Probably shouldn't... but can't help myself >.>
Crossent saws are the large two-man crosscut saw used for felling trees (Oregonian here, we know our logging history).
The band of Lime (and the 25# White Lime) could have had any number of purposes aboard the Albatross, realistically. The "band" was probably a semi-formed strip of hydraulic lime, which would have more than likely been used as a sealant for seams below the waterline (hydraulic limes were great for this, as they could set nearly as hard as cement, and *required* water in order to set).
The unspecified white lime could have had any number of applications, but given the rather paltry amount, it was probably quick lime, which would have been used in the process of cleaning the funnel. If not quick lime, than it was probably a combination of calcium hydroxide and calcium carbonate, to be used as a whitewash, which would have kept the ship's white hull rather tidy, and would have had the added benefit of protecting the timber from the elements. I'm not terribly inclined to believe this to be true, except in touch-up situations, because whitewash takes a bit of time to dry properly and isn't exactly waterproof.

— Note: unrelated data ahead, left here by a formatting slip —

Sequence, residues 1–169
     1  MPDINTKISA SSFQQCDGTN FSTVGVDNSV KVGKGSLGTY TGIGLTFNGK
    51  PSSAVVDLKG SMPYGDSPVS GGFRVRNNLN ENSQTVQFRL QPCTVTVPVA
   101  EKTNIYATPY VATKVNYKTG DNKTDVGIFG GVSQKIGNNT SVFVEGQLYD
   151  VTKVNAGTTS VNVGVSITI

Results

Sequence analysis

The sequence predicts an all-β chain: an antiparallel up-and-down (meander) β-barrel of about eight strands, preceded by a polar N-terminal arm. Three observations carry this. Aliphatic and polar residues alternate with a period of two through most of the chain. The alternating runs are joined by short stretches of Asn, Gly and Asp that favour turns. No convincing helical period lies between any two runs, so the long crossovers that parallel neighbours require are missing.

Depending on the year, there's also the option that it could have been an experimental silicate mineral paint, which would have been pretty great aboard a 19th century warship.